Ethiopian journalists tell us that police in Addis Ababa have finally released 10,000 copies of Enku magazine that were impounded on May 2 because of a cover story about the jailed pop music icon and government critic Teddy Afro. The May edition is expected to finally go on sale on Saturday. CPJ had protested the seizure with Ethiopian officials.
We also denounced the arrests of Enku's deputy editor and owner, Alemayehu Mahtemework, and three staffers, who were accused of "inciting the public" against the government because of the magazine's interviews with the singer's supporters. Mahtemework and his colleagues were released without charge after five days in custody.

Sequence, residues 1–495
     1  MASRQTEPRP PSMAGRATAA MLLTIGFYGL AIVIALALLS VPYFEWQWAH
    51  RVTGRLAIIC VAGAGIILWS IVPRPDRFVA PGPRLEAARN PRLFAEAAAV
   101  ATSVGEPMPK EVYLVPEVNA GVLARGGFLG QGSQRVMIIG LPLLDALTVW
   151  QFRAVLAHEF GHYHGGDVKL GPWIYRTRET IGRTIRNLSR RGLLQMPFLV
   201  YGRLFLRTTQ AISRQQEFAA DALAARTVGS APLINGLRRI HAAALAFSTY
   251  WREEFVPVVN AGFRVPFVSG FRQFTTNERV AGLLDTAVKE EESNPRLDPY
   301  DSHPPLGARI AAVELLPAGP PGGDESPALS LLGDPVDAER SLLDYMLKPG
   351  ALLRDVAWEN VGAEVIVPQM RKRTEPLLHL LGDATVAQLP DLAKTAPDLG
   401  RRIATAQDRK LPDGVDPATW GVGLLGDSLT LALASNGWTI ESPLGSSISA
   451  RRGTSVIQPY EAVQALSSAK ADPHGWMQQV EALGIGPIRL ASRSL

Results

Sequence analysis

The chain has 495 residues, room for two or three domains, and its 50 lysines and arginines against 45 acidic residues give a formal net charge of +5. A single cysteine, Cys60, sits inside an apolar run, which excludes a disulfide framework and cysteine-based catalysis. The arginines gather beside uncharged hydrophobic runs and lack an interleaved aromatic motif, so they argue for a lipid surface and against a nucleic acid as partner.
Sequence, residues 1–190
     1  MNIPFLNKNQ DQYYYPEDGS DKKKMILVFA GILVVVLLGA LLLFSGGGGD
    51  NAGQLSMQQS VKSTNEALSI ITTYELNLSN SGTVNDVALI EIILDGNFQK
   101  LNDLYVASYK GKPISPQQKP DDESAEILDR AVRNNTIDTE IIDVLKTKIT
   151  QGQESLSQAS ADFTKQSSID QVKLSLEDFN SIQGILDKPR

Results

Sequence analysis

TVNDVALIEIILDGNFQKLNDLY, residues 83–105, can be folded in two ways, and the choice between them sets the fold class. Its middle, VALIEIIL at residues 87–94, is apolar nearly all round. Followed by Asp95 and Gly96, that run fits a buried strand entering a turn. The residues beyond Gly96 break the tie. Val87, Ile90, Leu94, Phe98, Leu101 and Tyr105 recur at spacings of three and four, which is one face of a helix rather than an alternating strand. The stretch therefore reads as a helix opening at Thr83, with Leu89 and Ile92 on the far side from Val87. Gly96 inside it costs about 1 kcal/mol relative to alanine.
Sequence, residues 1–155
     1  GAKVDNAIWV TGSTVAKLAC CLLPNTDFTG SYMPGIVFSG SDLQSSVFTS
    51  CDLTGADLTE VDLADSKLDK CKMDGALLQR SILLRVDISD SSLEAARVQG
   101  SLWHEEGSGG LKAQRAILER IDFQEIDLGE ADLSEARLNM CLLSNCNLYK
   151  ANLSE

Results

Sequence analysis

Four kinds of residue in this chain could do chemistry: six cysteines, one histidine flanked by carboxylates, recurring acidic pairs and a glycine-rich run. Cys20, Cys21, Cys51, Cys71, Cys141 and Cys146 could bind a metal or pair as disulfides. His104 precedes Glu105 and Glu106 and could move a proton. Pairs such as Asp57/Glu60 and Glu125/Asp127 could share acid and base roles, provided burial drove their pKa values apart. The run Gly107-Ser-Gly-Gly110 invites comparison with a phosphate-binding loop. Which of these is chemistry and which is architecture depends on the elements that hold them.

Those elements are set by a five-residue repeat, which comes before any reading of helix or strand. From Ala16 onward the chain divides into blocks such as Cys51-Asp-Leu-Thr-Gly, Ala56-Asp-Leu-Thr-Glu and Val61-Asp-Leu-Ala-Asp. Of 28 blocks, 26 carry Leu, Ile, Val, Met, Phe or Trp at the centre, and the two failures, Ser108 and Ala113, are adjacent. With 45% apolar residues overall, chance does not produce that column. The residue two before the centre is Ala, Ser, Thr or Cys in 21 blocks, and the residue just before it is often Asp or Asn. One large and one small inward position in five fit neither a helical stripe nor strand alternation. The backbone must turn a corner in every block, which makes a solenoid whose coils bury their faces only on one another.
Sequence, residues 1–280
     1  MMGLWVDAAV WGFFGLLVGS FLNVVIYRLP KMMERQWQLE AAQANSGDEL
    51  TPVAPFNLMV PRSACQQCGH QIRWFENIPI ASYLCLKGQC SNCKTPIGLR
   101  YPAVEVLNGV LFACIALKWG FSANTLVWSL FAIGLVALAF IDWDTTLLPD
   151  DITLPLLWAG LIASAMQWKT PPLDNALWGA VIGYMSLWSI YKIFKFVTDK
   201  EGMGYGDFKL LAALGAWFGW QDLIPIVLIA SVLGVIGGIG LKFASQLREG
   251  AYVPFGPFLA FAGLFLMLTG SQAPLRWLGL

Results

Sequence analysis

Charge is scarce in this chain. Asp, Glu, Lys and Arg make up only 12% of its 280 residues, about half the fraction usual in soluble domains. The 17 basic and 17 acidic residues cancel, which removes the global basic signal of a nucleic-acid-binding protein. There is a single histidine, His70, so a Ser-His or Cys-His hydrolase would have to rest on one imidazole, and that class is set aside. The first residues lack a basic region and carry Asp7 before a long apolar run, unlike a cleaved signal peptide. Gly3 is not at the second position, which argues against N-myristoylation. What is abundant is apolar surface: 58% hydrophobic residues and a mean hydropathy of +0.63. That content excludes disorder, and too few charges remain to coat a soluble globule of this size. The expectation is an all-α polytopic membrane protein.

Mahtemework told CPJ he received a phone call Thursday morning from police saying that he could collect the seized copies of his monthly entertainment magazine. He called it a "happy ending to a sad story" and thanked CPJ for "standing by us."
CPJ recently protested a pending media bill in Ethiopia that would, among other things, allow prosecutors to summarily impound any print publication deemed a threat to public order or national security.